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Julie and Julia

365 Days, 524 Recipes, 1 Tiny Apartment Kitchen : How One Girl Risked Her Marriage, Her Job, and Her Sanity to Master the Art of Living

Powell, Julie

(eBook - 2005)
Average Rating: 3.5 stars out of 5.
Julie and Julia
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Julie Powell is 30 years old, living in a rundown apartment in Queens and working at a secretarial job that's going nowhere. She needs something to break the monotony of her life, and she invents a deranged assignment. She will cook all 524 recipes in Julia Child's 1961 classic Mastering the Art of French Cooking. In the span of one year. At first she thinks it will be easy, but as she moves from simple potato soup into more complicated realms, she realizes there's more to Mastering the Art than meets the eye. She haunts the local butcher, buying kidneys and sweetbreads. She rarely serves dinner before midnight. She discovers how to mold the perfect Orange Bavarian, the trick to extracting marrow from bone, and the intense pleasure of eating liver. And somewhere along the line she realizes she has eclipsed her life's ordinariness through humor, hysteria, and perseverance.--From publisher description.
Publisher: New York : Little, Brown and Company, 2005
Edition: 1st ed
ISBN: 9780316135481
Branch Call Number: OverDrive downloadable ebook
Characteristics: 1 online resource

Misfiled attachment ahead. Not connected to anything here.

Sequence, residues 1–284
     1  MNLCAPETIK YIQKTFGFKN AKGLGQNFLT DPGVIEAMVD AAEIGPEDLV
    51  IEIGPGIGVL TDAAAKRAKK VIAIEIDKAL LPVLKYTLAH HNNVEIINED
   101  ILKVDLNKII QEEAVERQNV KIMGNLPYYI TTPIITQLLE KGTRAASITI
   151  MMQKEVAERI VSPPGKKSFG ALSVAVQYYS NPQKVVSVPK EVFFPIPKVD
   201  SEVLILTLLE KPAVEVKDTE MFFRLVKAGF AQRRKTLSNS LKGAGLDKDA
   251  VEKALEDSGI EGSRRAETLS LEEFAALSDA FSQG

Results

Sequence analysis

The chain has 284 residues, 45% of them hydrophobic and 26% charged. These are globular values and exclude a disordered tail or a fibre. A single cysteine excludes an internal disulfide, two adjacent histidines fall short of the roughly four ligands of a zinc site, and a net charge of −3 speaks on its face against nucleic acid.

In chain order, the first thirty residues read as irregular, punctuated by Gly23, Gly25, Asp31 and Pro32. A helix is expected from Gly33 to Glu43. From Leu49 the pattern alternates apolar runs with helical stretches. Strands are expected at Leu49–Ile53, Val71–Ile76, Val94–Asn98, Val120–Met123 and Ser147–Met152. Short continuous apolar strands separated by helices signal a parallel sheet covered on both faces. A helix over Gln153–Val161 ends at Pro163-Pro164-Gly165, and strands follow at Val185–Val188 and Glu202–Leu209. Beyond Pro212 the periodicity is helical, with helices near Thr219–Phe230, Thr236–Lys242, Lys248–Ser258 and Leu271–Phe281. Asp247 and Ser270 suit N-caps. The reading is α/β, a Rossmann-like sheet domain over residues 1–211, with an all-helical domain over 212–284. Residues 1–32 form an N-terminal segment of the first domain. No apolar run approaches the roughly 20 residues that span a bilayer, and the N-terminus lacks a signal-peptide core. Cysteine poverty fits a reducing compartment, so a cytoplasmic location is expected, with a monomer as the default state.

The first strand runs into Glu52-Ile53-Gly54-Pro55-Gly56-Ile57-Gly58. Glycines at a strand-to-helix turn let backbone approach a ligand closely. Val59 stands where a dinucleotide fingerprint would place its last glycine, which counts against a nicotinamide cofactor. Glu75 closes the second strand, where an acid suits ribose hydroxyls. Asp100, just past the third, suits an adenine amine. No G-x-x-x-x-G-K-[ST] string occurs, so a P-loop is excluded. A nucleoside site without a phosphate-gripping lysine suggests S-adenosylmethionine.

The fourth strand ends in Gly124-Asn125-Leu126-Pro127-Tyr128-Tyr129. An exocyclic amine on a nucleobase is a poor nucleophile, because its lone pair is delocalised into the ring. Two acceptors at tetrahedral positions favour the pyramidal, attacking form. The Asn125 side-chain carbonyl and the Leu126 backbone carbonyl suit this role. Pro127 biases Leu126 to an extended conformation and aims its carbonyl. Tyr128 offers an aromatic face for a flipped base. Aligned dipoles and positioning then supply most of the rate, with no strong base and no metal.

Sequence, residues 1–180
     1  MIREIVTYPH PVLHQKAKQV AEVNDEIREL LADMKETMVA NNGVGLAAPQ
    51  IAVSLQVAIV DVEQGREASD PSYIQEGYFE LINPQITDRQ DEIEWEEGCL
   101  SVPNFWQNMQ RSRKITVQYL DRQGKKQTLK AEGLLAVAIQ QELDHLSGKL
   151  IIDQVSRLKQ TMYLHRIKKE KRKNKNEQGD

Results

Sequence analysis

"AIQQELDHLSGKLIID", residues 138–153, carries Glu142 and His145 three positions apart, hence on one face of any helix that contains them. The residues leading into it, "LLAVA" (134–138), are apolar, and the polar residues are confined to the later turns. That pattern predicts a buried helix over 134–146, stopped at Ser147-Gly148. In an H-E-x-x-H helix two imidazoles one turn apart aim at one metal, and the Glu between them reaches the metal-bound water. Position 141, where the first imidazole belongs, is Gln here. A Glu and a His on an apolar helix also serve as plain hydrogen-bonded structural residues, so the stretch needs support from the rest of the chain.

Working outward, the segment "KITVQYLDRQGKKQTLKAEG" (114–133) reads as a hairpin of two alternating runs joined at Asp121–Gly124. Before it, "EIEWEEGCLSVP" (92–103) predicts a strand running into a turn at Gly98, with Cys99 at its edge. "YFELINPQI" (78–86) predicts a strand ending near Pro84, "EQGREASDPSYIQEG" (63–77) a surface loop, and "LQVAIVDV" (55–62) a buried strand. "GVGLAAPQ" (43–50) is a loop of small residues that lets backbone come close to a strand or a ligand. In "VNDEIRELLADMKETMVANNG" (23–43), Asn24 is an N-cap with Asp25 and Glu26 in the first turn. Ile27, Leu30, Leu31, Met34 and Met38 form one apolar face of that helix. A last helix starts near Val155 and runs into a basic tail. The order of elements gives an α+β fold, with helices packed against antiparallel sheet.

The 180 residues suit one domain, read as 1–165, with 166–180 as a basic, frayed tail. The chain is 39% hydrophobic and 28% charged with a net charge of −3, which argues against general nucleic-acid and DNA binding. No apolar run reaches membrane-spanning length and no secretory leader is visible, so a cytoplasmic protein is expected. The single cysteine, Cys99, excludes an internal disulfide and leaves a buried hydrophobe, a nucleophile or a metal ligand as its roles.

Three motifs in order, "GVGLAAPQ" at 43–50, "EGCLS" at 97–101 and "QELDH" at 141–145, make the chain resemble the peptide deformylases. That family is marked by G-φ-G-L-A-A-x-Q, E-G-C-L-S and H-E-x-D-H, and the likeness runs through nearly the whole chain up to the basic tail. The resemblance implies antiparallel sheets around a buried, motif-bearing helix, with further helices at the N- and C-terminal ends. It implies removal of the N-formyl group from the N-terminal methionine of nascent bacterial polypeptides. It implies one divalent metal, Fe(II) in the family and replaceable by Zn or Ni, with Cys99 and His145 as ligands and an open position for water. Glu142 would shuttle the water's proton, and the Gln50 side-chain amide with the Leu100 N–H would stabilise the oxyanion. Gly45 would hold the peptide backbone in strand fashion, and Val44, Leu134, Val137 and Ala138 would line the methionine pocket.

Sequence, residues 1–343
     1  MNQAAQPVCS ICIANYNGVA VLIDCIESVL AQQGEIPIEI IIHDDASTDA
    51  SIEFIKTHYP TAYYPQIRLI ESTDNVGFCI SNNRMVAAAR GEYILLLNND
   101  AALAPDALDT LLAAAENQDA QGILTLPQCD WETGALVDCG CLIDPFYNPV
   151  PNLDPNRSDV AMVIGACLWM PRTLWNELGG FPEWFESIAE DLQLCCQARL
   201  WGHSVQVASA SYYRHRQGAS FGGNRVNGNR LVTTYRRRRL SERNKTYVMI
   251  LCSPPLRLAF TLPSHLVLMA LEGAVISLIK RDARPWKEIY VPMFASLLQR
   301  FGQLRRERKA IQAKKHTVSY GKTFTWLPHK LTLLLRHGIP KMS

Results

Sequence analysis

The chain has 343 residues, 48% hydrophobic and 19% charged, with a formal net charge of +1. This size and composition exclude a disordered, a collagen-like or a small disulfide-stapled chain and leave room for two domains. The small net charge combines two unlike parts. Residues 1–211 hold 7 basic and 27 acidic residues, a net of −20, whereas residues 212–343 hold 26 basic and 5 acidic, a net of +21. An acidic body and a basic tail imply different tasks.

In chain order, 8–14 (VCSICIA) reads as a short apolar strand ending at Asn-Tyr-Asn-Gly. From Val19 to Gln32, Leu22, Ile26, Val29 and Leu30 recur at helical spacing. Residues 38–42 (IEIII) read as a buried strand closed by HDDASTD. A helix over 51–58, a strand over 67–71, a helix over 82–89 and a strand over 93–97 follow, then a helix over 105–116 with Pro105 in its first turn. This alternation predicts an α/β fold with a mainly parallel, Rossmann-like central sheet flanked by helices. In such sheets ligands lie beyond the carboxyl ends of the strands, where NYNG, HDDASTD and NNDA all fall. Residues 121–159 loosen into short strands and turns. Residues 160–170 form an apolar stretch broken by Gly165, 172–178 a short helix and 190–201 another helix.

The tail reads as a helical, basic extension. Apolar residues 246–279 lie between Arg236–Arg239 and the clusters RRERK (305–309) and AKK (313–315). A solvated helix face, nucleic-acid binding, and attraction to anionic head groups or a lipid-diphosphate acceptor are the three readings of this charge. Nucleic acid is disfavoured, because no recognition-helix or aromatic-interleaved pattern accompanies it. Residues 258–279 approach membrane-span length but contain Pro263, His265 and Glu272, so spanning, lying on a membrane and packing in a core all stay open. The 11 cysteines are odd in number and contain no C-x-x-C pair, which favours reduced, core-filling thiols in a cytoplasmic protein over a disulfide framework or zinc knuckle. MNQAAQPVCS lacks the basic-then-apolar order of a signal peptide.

Additional Contributors: OverDrive, Inc
Alternate Title: Julie and Julia

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Aug 07, 2013
  • artemishi rated this: 3 stars out of 5.

I enjoyed the movie, which is what moved me to pick up the book. Honestly, I could have just stuck with the movie. It's not that the book is bad, it just left me with no emotional takeaway. Julie Powell uses Mastering the Art of French Cooking, and Julia Child, to find meaning in her life. Except that we never see how that's accomplished, if it is in any way, as apparently blogging about such a feat is what REALLY brought meaning to her life (in terms of a job opportunity). What we do see is an often hysterical, quite self-depricating, funny but occasionally too bitter for my tastes 29 year old panicking about getting old and having a crap job. And also about cooking. I enjoyed most her explanations about how each recipe was done (as I don't speak French, hearing a firsthand account about stripping marrow from bones, for example was both funny and educational). What I liked least was the fact that she apparently throws tantrums a lot, and in the book she makes no excuses for it (which is fine) but it happens so often that is just seems....pointless. And distracting. I appreciate that she portrayed her marriage as very even-keel and balanced, and she apparently became a tinge less judgmental (of friends, anyway- members of an opposing political party are fair game) by the end of her year-long journey. Also, maybe this bitter cynicism and holier-than-thou crap is a New Yorker thing? In which case, that was educational as well.

In my honest opinion, if you are looking for a "year in the life" book, fascinated by the early days of blogging, or need some support that you are not alone in being frustrated by French cooking, this is a good book to pick up.

Mar 31, 2011
  • vwruleschick rated this: 2 stars out of 5.

It was OK story, I thought there would be more - has similar feel like Eat, Love, Pray. It was a book I could put down, as it didn't feed that interest in me. Also be prepared some American political views.

Mar 11, 2011
  • lilwordworm rated this: 2.5 stars out of 5.

It was plain but it was cute. I can’t cook but it made me want to try some of the recipes.

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